Many studies have demonstrated that Dry Eye Disease, like other chronic conditions, can reduce one’s quality of life. So, it is essential to diagnose and identify the pathology for proper management. Both subjective and objective evaluation is needed as the signs and symptoms often do not co-relate [16] [17] [18] .

Since the declaration of COVID-19 as global pandemic, facemasks have been made mandatory all over the world to prevent the spread of the virus. As people have been wearing facemasks for several hours on a regular basis for more than a year, a significant rise of dry eye symptoms has been noticed in the Ophthalmology out-patient department throughout the world. This observation was first made by Dr. D. E. White, an American Ophthalmologist in June 2020. He named this condition as “Mask Associated Dry Eye” (MADE) [19] [20] .

Some studies have predicted that people wearing facemasks for a prolonged period have been diagnosed with Dry Eye Disease due to tear film and eye-lid abnormalities [21] - [26] . Very few studies with small sample size have been done to evaluate the tear film status in face-mask wearers. The purpose of this study was to determine the status of the tear film and dry eye symptoms in mask wearers, which would serve as a foundation for future research on the topic and aid in the provision of evidence-based care to patients.

2. Materials and Methods

2.1. Participants

Patients aged 18 to 70 years who attended different eye-care centers in Dhaka city between February 1, 2021 and August 31, 2021 and wore facemasks for at least 2 hours/day for at least 5 days/week were included in this cross-sectional study after sufficient consent was obtained. Non-randomized purposive sampling was done. Contact lens users, patients with history of refractive or intraocular surgery, Sjögren’s syndrome, rheumatoid arthritis, parkinsonism, Lupus, previously diagnosed with dry eye or ocular surface disorder, anti-histamines and diuretics takers were excluded.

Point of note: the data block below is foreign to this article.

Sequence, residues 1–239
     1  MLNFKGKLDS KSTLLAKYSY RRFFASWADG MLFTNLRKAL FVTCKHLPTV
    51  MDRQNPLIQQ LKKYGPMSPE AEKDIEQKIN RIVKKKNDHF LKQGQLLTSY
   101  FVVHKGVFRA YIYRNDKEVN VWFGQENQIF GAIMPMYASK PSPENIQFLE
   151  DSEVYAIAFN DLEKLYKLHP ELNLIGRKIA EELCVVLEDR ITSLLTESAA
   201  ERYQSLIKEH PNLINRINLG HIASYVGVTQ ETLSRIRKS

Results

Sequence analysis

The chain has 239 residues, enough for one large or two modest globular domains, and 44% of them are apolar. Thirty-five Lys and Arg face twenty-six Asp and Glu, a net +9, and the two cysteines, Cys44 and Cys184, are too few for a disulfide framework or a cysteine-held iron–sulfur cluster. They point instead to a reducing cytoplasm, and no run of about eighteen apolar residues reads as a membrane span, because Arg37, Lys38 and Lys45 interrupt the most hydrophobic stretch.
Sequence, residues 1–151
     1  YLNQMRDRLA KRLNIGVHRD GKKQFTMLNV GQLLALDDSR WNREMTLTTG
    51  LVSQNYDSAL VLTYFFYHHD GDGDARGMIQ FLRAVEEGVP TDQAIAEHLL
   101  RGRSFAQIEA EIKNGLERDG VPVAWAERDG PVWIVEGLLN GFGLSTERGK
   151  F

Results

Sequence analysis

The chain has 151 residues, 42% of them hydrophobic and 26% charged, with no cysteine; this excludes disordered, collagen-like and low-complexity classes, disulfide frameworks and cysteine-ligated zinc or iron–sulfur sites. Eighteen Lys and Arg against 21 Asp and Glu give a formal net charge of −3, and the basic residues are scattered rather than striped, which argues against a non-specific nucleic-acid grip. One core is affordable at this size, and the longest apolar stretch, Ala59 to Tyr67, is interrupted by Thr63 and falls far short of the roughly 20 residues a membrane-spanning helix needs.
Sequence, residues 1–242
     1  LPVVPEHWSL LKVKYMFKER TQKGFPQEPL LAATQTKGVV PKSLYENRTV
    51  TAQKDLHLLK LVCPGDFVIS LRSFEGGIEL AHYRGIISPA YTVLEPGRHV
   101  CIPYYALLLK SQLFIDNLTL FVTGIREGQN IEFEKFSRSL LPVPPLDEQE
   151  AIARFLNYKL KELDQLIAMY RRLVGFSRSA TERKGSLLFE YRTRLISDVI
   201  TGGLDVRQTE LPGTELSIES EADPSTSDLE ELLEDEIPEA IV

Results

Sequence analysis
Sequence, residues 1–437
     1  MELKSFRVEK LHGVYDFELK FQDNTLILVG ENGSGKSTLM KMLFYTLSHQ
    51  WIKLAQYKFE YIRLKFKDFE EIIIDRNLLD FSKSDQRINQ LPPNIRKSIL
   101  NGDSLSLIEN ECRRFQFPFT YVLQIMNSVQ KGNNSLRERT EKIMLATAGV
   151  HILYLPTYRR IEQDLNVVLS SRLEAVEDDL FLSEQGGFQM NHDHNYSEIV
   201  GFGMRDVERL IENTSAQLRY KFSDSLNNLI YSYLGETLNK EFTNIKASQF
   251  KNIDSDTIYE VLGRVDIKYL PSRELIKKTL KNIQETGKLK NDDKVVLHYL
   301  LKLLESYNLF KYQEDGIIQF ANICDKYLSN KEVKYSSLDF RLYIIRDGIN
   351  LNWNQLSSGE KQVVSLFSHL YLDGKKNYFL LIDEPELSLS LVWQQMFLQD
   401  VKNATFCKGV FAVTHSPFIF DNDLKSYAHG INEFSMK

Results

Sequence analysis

2.2. Methods of Assessment

The main outcome variables were TBUT, tear volume measured by Schirmer-1 and OSDI score of the subjects. Old age, female gender, prolonged screen-time, Diabetes Mellitus were potential confounders. After taking informed consent, relevant questions were asked to detect these risk factors. The duration of face mask use was used to split all subjects into 4 groups. The duration of wearing face-masks in Group 1 was around 2 hours/day, Group 2 was around 4 hours/day, Group 3 was around 6 hours/day and in Group 4 it was 8 hours or more/day on at least 5 days a week. The findings of the groups were compared to each other. The Ocular Surface Disease Index questionnaire (OSDI) was used to assess the symptomatology, and the scores were recorded. The Tear-film Break-Up Time (TBUT) and Schirmer-1 test was used to determine tear-film stability and tear volume respectively. The average of the right and left eye’s result was used to create a single value. Relevant questions were asked to the patient to assess the risk factors of dry eye. The Schirmer-1 test was performed using a Schirmer paper strip (5 × 35 mm) and the length of wetting from the notch was recorded after 5 minutes. The cut off value for wetting was <10 mm/5min [27] [28] . TBUT was measured by instilling fluorescein 2% eye drops into the lower fornix. After several blinks, the interval between the last blink and appearance of first dry spot was noted. Less than 10 seconds TBUT was considered abnormal [29] [30] . The overall Ocular Surface Disease Index (OSDI) score was divided into four categories: normal ocular surface (0 - 12 points), mild (13 - 22 points), moderate (23 - 32 points), and severe (33 - 100 points) [31] .